Fortress Ploesti by Joy A. Stout
The Campaign to Destroy Hitler's Oil Supply

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Synopsis

Unlike previous books on Ploesti, Jay Stout goes well beyond the famous big and bloody raid of August 1943 and depicts the entire 1944 strategic campaign of twenty-plus missions that all but knocked Ploesti out of the war and denied the German war machine the fuel and lubricants it so desperately needed.

While Fortress Ploesti is the narrative history of the entire air campaign to deny the Ploesti oil complex to the Axis powers, it is also a launching point for the author's inquiries into many aspects of the American strategic bombing effort in World War II. It delivers across the board.

Stout, who served as a Marine F/A-18 pilot in the First Gulf War, asks questions about aviation combat history and technique that any modern combat pilot would be dying to ask. He carries the ball far beyond the goal post set by all other Ploesti historians. He has gone out of his way to describe the defenses throughout the campaign, and he brings in the voices of Ploesti's defenders to complement the tales of Allied airmen who brought Ploesti to ruin. He describes the role of the bombers, that of the fighters, the ant-aircraft defenses, even the technique of obscuring the Ploesti complex with smoke.

In the end, Stout's narrative describes the entire Ploesti effort for the very first time in print, and, by proxy, guides the reader through the intricacies of the entire Allied strategic bombing campaign in Europe, and all the weapons and techniques the Axis powers used to parry it. His lucid presentation of complex issues at the tactical and strategic levels is impressive.

Jay Stout's previous books include Hornets Over Kuwait, his Gulf War memoir and, as co-author, The First Hellcat Ace.

 

About Joy A. Stout

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Jay A. Stout is a retired Marine Corps fighter pilot. An Indiana native and graduate of Purdue University, he was commissioned during June 1981 and was designated a naval aviator on 13 May 1983. His first fleet assignment was to F-4S Phantoms at MCAS Beaufort, South Carolina. Following a stint as an instructor pilot at NAS Chase Field Texas from 1986 to 1989, he transitioned to the F/A-18 Hornet. He flew the Hornet from bases on both coasts and ultimately retired from MCAS Miramar during 2001. Aside from his flying assignments, he served as the executive officer of 1st Air Naval Gunfire Liaison Company, and in a variety of additional assignments with various staffs around the world. During his twenty-year career he flew more than 4,500 flight hours, including 37 combat missions during Operation Desert Storm. Following his military career Stout worked for a very short time as an airline pilot before being furloughed after the terrorist attacks of September 11, 2001. He subsequently flew for the Kuwait Air Force for a year before returning to the States where he now works for as a senior analyst for a leading defense contractor. Lieutenant Colonel Stout's writing has been read on the floor of the U.S. Senate and has been published in various professional journals and newspapers around the nation. Works published while he was on active duty addressed controversial topics (women in the military, the MV-22 Osprey, effectiveness of the AV-8B Harrier, etc.) and took viewpoints that were often at odds with senior military leadership. Nevertheless, his cogent arguments and forthrightness contributed considerably to his credibility. Indeed, his expertise as a tactical aviator is recognized by Fox's national news network, which has hosted him twice as a combat aviation expert.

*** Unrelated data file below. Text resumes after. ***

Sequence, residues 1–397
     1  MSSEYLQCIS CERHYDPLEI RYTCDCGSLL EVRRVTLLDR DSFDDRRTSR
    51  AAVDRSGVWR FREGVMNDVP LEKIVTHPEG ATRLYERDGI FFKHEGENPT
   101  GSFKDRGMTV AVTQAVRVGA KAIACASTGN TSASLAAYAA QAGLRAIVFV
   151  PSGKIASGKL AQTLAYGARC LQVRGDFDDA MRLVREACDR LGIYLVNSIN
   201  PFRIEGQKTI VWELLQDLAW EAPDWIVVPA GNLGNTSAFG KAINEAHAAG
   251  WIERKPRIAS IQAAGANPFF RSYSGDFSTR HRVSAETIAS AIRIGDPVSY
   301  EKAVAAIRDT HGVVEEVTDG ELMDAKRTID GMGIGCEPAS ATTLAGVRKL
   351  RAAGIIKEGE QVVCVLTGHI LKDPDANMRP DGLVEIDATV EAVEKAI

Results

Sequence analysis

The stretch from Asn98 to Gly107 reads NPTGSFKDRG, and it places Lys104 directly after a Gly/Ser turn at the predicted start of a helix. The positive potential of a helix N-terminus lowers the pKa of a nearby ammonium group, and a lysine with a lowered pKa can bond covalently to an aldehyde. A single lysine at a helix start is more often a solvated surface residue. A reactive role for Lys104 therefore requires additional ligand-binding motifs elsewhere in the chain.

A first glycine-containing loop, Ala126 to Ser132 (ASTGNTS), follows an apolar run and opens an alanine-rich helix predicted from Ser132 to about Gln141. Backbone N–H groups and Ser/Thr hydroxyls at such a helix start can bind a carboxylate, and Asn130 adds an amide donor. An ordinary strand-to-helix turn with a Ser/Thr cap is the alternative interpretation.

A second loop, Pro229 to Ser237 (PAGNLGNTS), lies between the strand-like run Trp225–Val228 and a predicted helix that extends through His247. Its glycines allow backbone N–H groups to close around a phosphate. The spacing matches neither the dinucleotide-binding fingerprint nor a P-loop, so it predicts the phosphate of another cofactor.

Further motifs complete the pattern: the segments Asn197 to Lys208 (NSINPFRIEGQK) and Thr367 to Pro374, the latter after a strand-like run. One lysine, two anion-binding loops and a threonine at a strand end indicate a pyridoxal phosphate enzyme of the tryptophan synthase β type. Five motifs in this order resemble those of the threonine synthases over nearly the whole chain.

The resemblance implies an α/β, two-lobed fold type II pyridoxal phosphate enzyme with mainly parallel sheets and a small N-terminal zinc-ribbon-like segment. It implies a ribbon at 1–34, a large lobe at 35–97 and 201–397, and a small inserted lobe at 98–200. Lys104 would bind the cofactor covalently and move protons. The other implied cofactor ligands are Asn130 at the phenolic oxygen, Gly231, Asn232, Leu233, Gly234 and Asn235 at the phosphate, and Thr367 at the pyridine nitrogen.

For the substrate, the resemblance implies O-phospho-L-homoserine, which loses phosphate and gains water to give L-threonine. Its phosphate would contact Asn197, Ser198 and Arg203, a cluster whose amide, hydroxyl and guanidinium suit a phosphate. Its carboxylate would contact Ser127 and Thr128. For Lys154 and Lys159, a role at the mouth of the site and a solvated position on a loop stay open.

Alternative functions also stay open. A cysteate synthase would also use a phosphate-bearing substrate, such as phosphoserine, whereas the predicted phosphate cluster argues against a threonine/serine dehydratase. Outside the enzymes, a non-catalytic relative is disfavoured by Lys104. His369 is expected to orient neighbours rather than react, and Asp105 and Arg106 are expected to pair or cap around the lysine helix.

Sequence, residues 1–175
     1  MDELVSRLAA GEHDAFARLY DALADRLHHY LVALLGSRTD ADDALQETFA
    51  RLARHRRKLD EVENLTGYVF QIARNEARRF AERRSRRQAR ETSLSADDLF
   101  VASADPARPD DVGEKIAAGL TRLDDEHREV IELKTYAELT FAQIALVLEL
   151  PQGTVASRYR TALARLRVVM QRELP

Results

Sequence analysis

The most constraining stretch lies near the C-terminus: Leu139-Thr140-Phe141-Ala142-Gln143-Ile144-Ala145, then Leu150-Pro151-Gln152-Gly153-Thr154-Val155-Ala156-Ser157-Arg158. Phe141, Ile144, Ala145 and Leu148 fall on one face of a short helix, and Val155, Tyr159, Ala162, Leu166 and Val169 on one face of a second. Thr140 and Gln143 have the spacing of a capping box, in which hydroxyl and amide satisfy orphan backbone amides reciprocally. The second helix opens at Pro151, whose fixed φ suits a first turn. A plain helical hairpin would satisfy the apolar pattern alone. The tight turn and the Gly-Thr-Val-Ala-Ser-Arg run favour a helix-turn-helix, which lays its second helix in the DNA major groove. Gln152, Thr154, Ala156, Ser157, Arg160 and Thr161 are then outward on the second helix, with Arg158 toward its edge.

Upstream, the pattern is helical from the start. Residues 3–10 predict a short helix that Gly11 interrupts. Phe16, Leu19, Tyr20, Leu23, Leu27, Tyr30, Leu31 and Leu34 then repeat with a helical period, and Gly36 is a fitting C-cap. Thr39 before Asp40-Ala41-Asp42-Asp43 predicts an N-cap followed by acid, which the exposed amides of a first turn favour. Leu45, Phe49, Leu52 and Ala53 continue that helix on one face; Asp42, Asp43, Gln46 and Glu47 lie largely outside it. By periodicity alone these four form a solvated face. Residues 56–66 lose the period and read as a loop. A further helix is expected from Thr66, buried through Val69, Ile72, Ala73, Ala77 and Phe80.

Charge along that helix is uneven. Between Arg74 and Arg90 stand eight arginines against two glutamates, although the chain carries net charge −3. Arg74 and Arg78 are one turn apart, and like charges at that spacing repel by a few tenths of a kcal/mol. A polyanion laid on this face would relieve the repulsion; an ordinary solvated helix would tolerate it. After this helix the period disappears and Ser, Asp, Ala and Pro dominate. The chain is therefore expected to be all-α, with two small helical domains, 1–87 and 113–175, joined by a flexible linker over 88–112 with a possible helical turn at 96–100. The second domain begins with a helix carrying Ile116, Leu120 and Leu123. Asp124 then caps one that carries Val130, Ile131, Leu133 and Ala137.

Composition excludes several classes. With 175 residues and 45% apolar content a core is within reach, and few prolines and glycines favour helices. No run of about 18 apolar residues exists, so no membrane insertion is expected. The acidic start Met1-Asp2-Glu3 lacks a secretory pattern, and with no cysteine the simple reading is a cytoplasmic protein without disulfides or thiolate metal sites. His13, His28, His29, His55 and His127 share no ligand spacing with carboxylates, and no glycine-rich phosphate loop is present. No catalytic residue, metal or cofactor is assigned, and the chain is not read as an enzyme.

Published September 1, 2003 by Casemate Publishers and Book Distributors. 224 pages
Genres: History, Travel, War. Non-fiction

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